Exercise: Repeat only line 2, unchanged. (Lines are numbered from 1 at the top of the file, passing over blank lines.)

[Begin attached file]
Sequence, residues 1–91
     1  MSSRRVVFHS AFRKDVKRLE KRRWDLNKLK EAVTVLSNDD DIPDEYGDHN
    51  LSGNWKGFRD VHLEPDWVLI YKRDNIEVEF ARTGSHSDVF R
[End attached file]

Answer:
     1  MSSRRVVFHS AFRKDVKRLE KRRWDLNKLK EAVTVLSNDD DIPDEYGDHN